I remember it was a big thing being promoted by NICs. As a web engineer, I have also found it to be an interesting technical endeavor (with Punycode and etc) and spent my own effort to make sure the <IDN>.tw site I managed at the time also resolves on <IDN>.台灣, given that per NIC rule they auto-register you with the IDN ccTLD when you register for a second level ccTLD domain. Edit: I misremember this.
Fast forward to today: I was struggling to find a live website that resolves on an IDN ccTLD hostname. I no longer handled that <IDN>.台灣 website and my successor broke it (probably because of me failing to document my work.) The university websites that I know of at the time all stopped resolving on their IDN ccTLD hostnames. Hell, even the TWNIC website doesn’t resolve on twnic.台灣!
Eventually through the wonder of Wikipedia, I found the one website that resolves: уміц.укр, Ukrainian Network Informational Centre. It is good enough for me even though it won’t connect over HTTPS.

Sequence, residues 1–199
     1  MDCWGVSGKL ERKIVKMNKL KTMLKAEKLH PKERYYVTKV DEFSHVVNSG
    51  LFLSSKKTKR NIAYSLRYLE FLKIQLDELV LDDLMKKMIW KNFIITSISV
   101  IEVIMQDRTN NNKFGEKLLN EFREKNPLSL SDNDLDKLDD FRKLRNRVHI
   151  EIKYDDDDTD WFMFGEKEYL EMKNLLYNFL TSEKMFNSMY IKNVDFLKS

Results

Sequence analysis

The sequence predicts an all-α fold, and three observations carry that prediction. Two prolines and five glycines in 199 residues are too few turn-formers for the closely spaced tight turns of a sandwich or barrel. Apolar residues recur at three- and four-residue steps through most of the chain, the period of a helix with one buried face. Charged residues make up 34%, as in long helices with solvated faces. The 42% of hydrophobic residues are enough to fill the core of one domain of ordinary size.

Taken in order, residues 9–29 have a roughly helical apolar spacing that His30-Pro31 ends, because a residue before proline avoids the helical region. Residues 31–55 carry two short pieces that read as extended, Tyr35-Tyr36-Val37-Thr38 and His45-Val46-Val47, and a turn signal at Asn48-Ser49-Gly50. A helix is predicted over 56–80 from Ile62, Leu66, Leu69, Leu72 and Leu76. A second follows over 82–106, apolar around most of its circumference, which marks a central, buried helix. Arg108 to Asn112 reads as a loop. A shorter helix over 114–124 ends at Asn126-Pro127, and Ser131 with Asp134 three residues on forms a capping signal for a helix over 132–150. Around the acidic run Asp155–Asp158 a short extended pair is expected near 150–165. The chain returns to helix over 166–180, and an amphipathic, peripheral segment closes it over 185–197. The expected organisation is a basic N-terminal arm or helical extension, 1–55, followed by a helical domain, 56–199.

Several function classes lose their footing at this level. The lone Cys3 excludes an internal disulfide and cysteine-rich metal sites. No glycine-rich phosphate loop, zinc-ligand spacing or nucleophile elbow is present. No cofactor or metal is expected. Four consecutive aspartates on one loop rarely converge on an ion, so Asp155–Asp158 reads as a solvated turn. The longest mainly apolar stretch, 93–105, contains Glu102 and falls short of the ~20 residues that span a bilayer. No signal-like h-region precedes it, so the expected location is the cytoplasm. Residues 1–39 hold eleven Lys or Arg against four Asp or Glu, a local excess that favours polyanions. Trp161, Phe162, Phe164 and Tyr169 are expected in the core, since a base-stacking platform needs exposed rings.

This piece is a good history lesson of why XMPP failed to gain momentum and a cautionary tale on how companies can commandeer open, “public good” protocols.
My experience with XMPP was limited: in an unpublished project, I wired GMail to MSN Messenger though the protocol. I know enough to know XMPP as a precursor of things being re-invented (my other favorite that falls into category is NNTP, and even e-mails to a certain extent.)
From the post, it sounds like the danger arise of an intentional commercial protocol fork that designed to compete with the original protocol. I wonder if there are things to learn (like governing model) from protocols that so far had survived risk of fragmentation.
When people talk about LLMs being at its “Netscape Moment”, this is the thing that ponders me the most.
Tristan Harris, which I covered his early work, timewellspent.io, and Aza Raskin, discuss, quote, “how existing A.I. capabilities already pose catastrophic risks to a functional society, how A.I. companies are caught in a race to deploy as quickly as possible without adequate safety measures, and what it would mean to upgrade our institutions to a post-A.I. world.“